The same philosophy has resulted in the energy saving electric steering. An energy recovery system now operates through the alternator, collecting kinetic energy (without the GT3 Hybrid’s enormous flywheel) from deceleration, which is fed into the battery.


Using the same logic, when the accelerator is floored, power to ancillaries is reduced, enhancing acceleration and lessening the overall demand for fuel. A further intelligent saving is the managed cooling system.

The 991’s electronic brain confines coolant to the cylinder head, momentarily shutting out the crank case passages, and accelerating the warming up phase when combustion engines are at their most thirsty.

In terms of acceleration, only a stopwatch can separate the old and new 911, yet it feels faster, perhaps because it’s lighter and stiffer. Porsche’s figures (listed below) illustrate how the 991 Carrera PDK – which was our test car for this comparison – manages to quietly improve on the attributes of its predecessor in all departments, bar the maximum speed, which stays at 178mph.

Power is up by 5bhp, with an additional 3lb ft of torque, and it’s a tenth of a second quicker to 62mph, yet boasts both lower fuel consumption and CO2 emissions.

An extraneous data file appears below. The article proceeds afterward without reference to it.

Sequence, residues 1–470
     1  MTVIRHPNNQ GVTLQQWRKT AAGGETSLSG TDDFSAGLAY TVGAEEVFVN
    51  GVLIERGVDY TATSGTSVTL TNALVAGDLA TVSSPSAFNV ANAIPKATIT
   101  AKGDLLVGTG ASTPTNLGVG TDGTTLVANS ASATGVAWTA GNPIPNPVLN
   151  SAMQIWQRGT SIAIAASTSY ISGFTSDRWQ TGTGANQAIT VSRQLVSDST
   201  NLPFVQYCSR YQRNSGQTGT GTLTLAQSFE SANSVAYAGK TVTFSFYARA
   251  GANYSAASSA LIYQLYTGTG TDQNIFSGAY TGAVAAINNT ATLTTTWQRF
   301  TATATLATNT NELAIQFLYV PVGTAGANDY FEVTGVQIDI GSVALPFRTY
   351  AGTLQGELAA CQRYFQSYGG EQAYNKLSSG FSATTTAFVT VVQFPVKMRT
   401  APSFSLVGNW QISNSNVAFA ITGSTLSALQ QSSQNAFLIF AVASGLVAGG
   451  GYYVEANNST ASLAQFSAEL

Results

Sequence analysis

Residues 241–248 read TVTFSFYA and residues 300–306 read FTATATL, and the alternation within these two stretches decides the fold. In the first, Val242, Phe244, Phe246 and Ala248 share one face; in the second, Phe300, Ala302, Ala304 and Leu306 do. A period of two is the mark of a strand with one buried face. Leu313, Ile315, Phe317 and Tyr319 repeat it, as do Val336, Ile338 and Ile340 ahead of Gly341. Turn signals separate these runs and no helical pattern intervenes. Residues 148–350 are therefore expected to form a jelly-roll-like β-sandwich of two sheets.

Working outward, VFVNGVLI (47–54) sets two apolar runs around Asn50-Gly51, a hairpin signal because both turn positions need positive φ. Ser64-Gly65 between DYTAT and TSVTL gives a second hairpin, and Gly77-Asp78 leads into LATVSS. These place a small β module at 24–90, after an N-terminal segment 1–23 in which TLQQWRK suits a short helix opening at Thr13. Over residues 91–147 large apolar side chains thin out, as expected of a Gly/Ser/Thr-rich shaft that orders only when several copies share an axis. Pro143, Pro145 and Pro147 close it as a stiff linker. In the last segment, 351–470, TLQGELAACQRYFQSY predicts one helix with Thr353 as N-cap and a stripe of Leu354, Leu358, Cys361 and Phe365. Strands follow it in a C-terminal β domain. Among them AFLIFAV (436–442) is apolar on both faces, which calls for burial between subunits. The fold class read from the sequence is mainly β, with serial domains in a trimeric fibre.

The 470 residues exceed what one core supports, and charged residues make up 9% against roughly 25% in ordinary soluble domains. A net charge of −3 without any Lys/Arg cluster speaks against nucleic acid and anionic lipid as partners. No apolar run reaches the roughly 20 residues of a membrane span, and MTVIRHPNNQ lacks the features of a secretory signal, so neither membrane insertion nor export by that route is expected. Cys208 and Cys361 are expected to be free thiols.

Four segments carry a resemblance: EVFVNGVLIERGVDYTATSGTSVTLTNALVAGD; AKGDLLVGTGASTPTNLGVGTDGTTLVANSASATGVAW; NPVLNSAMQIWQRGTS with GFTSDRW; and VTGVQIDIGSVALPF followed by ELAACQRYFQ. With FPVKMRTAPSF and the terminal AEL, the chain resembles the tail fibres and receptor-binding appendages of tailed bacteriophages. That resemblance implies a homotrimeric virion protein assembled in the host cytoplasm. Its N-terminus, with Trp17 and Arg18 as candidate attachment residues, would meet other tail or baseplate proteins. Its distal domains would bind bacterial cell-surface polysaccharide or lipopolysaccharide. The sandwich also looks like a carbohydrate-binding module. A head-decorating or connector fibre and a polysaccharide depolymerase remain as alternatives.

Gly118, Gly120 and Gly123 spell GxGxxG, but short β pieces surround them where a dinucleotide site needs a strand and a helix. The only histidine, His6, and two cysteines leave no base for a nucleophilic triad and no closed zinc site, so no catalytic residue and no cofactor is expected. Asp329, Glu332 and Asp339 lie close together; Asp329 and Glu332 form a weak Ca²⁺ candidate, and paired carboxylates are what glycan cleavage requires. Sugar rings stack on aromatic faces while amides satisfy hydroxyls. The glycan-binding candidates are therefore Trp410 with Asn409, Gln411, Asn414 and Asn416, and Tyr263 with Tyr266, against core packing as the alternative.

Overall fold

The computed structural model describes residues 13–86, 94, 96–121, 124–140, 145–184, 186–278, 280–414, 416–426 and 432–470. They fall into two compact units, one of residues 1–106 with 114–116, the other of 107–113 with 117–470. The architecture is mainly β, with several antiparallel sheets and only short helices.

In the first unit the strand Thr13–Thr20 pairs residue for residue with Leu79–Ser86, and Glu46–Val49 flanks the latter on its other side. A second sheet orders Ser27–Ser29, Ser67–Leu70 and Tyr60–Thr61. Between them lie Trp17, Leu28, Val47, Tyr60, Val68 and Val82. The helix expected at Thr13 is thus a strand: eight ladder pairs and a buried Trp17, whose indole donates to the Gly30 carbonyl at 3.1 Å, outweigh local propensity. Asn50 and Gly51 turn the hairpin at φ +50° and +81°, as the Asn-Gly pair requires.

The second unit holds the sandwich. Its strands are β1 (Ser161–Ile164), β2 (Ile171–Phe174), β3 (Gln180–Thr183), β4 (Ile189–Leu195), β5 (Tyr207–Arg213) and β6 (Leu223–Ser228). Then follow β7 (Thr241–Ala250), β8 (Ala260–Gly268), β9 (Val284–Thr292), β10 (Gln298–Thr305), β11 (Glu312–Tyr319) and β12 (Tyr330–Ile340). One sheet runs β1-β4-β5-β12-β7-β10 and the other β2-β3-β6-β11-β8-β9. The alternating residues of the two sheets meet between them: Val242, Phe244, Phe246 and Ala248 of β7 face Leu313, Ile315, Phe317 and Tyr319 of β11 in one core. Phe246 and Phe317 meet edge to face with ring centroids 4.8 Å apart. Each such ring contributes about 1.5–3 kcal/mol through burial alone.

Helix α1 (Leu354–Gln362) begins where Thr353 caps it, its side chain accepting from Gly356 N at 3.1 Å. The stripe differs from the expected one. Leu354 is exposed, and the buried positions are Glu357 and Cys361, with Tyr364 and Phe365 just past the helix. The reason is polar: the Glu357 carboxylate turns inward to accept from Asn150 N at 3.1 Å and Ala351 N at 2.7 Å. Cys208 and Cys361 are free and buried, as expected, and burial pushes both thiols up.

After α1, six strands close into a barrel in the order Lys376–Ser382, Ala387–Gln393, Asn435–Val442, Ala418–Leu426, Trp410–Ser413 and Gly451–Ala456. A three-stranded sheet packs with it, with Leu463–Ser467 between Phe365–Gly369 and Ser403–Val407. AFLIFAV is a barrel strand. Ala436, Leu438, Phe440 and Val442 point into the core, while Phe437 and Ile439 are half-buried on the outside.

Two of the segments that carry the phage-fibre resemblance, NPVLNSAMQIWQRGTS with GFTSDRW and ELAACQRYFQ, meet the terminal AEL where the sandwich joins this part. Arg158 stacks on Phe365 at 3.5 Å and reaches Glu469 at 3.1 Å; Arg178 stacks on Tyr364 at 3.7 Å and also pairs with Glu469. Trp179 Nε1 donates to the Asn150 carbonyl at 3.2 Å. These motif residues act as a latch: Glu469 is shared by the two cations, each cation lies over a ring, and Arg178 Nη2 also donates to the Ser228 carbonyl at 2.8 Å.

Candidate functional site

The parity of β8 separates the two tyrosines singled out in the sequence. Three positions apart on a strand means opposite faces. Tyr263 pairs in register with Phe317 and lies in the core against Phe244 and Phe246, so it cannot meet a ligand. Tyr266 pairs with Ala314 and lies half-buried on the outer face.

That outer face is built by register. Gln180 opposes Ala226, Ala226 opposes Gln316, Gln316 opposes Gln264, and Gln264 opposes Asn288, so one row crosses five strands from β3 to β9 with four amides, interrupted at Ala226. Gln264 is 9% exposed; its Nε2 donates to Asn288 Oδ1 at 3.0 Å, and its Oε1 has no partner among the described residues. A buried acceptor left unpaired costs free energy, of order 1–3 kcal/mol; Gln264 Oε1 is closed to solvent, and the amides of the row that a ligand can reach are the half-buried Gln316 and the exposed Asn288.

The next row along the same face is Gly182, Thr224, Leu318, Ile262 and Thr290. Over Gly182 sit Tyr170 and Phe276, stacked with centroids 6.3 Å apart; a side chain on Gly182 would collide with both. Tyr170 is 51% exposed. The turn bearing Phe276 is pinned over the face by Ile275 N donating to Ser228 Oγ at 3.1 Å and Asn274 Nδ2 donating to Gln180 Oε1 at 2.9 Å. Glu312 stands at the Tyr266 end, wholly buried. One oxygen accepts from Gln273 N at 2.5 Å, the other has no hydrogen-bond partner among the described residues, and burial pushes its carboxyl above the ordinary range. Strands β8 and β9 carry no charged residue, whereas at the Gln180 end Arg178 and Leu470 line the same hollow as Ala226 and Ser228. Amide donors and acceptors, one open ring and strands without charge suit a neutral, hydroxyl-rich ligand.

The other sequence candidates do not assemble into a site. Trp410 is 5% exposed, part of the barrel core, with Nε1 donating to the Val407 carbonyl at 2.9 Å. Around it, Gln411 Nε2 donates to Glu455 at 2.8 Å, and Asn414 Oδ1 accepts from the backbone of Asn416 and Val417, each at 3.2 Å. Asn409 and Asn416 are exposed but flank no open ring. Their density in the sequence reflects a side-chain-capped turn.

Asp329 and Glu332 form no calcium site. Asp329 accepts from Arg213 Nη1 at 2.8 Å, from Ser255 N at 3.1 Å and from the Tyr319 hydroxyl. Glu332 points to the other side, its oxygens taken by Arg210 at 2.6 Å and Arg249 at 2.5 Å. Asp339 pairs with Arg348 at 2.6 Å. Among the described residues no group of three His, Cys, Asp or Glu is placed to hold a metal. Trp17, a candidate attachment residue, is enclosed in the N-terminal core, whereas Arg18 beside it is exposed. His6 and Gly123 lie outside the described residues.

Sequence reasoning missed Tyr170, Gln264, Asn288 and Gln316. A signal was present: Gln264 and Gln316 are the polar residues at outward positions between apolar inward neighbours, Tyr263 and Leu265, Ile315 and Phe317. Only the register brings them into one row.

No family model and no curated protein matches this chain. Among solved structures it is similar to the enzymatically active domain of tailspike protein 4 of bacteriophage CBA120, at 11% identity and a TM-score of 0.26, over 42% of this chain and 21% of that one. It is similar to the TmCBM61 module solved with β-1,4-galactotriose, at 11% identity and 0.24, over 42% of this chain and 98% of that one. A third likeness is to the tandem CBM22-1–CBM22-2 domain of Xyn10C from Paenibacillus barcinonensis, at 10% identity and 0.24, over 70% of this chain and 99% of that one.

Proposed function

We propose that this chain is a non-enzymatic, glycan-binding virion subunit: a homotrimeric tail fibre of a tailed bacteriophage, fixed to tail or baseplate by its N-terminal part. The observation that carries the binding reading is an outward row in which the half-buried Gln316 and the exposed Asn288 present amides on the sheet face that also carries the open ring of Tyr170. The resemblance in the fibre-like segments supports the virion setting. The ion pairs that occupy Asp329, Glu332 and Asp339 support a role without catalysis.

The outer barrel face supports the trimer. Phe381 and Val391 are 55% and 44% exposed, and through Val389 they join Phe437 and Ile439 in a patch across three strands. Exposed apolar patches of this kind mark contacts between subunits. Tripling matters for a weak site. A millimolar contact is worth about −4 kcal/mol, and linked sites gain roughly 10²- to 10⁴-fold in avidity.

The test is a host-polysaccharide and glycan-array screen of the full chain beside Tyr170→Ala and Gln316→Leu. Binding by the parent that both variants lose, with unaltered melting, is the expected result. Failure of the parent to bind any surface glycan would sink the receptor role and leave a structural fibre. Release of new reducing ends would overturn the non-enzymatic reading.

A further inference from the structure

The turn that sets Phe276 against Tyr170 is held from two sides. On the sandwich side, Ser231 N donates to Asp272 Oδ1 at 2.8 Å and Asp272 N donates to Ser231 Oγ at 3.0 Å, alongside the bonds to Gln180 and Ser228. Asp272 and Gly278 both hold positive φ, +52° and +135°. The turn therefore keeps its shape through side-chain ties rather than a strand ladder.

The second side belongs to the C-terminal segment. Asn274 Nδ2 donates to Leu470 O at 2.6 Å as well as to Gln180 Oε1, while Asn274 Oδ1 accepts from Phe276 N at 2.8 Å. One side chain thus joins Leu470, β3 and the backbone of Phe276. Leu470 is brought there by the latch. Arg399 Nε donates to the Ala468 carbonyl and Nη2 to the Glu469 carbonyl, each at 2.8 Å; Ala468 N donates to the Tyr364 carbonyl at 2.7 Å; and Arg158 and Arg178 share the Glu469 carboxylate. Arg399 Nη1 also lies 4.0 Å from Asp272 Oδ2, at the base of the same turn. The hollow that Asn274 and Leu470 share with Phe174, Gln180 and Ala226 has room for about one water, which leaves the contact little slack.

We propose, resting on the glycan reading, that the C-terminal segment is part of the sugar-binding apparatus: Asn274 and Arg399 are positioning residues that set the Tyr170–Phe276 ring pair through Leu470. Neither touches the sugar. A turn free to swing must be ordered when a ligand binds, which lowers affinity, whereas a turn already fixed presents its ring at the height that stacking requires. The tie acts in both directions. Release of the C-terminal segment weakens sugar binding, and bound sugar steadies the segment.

Where the 991 does impress over the old car, though, is with the interior sound level. The newer car, as mentioned earlier, dispenses with much of the 997’s tyre noise.


Instead, the (now standard) sport button is linked to an acoustic tuner, which brings the characteristic flat-six exhaust note into the rear of the cabin – a very clever arrangement that is achieved without making the external exhaust note excessively loud.


Once again, it is no surprise to find that the new 911 is the better car. The real surprise is how radical some of the changes are and, on the road, how successfully a larger 911 offers the same – if not even more – driver involvement than before.

Reworked suspension front and rear and a wider track bring appreciably higher levels of refinement than the 997, but above all, transform traditional 911 handling.